Types of Plywood
Plywood is a necessity in many DIY and construction projects, but not every type of plywood works for every project. The many types of plywood can differ in materials, number of layers, rating and grade. This guide will explain the different uses of plywood, as well as popular plywood sheet sizes and its rating and grade system, so that you can choose the best plywood for your project.
Plywood is an engineered wood from the manufactured boards family, which also includes particle board and oriented strand board (OSB). It is made from thin sheets of veneer peeled from debarked wood. These thin layers, also called plies, are glued together in alternating right angles to create a cross-grain pattern. This pattern adds strength and stability that resists shrinkage and expansion caused by moisture.
Plywood is a popular choice in construction because of its strength and low cost. It is usually used in areas that are hidden from view in a post-construction capacity. The most common plywood uses include support for floors, walls, roofs and garages in residential construction.
When used for roofing, plywood panels are covered and protected by a variety of building materials that keep the elements at bay, including roof felt, underlayment, flashing and shingles. When used in flooring, plywood functions as the subfloor that supports hardwoods, tile and carpet floors.
Plywood makes up most of the walls and floors in attics and are sometimes found in laundry rooms, closets and other unfinished areas in the home. Stainable and paintable plywood are often used to make shelving, cabinets and furniture. Plywood can also be made into fencing materials, packaging materials, scaffolding, sheds and shipping containers.
|sanded plywood||Sanded Plywood||The face and back (top and bottom) plies are sanded in the manufacturing process to be smooth and even. Little to no additional sanding is needed. Have a finish-quality appearance and a high strength-to-weight ratio.||Typically used where it will be seen, such as for cabinets, shelves and paneling. Strong enough to also be used in structural applications.|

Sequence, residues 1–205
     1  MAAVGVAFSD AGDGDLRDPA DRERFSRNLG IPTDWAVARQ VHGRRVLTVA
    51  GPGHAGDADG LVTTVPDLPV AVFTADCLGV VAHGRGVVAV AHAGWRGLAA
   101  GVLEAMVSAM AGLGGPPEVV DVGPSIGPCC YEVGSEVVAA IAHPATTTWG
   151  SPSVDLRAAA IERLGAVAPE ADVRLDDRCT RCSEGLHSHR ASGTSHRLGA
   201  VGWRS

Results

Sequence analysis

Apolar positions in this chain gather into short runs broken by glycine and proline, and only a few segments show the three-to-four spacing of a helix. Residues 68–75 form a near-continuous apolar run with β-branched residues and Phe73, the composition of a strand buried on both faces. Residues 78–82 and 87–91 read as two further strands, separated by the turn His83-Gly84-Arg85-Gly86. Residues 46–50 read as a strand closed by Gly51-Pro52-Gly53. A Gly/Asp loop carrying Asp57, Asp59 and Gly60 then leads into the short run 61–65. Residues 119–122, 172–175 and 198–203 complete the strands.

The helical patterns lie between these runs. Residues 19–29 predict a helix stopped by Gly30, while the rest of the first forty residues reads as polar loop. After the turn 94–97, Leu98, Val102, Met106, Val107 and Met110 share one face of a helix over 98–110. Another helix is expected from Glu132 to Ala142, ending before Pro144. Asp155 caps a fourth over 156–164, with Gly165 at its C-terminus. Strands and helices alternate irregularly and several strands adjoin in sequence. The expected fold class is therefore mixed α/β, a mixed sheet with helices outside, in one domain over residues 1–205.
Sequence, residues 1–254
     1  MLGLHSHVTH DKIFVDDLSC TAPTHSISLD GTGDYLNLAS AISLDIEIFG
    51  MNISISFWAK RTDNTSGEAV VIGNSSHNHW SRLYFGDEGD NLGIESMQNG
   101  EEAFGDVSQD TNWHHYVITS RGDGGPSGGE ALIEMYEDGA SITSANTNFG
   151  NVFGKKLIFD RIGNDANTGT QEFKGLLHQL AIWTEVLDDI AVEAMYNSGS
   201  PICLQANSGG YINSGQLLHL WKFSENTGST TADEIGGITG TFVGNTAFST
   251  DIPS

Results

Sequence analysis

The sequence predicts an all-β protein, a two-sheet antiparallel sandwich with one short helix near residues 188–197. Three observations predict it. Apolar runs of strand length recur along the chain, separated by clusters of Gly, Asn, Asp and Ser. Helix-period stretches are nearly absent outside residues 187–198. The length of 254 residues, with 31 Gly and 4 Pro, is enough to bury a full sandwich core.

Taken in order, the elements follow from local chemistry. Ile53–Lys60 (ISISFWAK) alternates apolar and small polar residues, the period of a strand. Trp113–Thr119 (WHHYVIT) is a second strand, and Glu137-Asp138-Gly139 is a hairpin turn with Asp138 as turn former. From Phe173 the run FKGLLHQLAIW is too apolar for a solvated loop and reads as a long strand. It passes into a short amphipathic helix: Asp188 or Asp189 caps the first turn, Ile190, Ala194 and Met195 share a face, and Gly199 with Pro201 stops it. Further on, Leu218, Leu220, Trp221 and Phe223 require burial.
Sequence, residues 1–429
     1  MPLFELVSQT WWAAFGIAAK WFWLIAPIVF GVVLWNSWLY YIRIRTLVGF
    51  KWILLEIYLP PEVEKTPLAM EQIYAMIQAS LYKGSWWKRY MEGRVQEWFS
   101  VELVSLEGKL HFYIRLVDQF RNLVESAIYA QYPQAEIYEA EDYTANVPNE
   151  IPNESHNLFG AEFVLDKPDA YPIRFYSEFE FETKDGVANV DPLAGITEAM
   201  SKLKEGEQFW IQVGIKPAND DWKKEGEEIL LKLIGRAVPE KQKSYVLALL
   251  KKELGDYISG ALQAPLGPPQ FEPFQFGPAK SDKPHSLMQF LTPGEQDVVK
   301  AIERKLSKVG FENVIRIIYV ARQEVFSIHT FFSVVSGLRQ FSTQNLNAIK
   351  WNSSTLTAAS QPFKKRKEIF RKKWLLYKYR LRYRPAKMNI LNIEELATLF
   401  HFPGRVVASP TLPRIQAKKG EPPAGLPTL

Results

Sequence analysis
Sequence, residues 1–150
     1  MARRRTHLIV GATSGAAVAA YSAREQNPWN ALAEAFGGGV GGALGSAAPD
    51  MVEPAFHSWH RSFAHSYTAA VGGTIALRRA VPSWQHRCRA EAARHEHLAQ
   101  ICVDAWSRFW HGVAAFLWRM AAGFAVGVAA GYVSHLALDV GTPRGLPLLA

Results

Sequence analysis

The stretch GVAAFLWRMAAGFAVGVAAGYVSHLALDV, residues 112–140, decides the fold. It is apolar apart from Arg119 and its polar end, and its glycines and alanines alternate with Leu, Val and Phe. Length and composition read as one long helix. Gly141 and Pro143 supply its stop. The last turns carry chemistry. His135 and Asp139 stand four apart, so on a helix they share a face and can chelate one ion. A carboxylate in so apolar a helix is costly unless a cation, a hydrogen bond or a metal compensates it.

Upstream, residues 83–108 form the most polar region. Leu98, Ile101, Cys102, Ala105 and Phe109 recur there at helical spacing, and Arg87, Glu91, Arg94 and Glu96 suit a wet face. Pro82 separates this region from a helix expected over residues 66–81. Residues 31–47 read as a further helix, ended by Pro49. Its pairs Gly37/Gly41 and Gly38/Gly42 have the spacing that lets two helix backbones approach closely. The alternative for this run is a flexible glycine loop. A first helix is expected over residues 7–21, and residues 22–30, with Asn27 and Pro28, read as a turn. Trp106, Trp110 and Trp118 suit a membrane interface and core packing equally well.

|hardwood plywood||Hardwood Plywood||Made from hardwoods like birch, maple and oak. Plies are glued at right angles to one another, making the plywood very strong and stable. Can be heavier than other types of plywood.||Best used for furniture and anything that requires a strong load-bearing frame.|
|sheathing plywood||Plywood Sheathing or Structural Plywood||Designed for permanent structures. Strong and inexpensive, but unfinished and not made for appearances. Should be covered by other materials by the end of the project. May not be as weather-resistant as other types of plywood. Marine-grade plywood offers superior protection in wet environments. Can be made from hardwood or softwood.||Used for framing, beams, flooring and bracing panels.|
|project panels||Project Plywood Panels||Ready-to-use, pre-cut plywood boards designed for quick and easy DIY projects. Various types of wood, ply and plywood alternatives available.||Used for planned DIY projects when you know the measurements needed for plywood. Great for beginner DIYers.|
|Markerboard - Plywood||Markerboard||Plywood panels with a coated writing surface. For use with dry erase markers only.||Used to create craft tables or finished markerboards for chore lists, notes, calendars, drawings and more.|
A ply refers to a layer of veneer used to create plywood’s various thicknesses. More ply creates a thicker and stronger board. Plywood has an odd number of plies and needs at least three plies. Although specialty plywood can have any number of plies above three, most plywood is categorized as 3-ply, 5-ply or multi-ply.
- 3-ply is one of the most common types of plywood. It is about 2- to 3-millimeters thick and is generally used indoors, since it looks more decorative than thicker plywood boards.
- 5-ply is a versatile type of plywood that is about 4-millimeters thick. Use it indoors or outdoors, but avoid using for framing permanent structures, such as a shed or a home.
- Multi-ply is a catchall term for plywood with seven or more plies. This plywood is strong and durable enough for use in roofing, framing and other exterior, structural projects.
Tip: Plywood with fewer plies is weaker than a plywood with more plies, even if they have the same thickness.
Plywood is sold in various ratings, grades and sizes. Make your selection based on the type of project you’re working on.
There are five important ratings that convey where and how to use plywood: Exterior, Exposure 1, Exposure 2, Interior and Structural 1.
- Exterior means the panels have been waterproofed and can withstand inclement weather. Use exterior rated plywood for permanent outdoor structures that will be exposed to water long-term.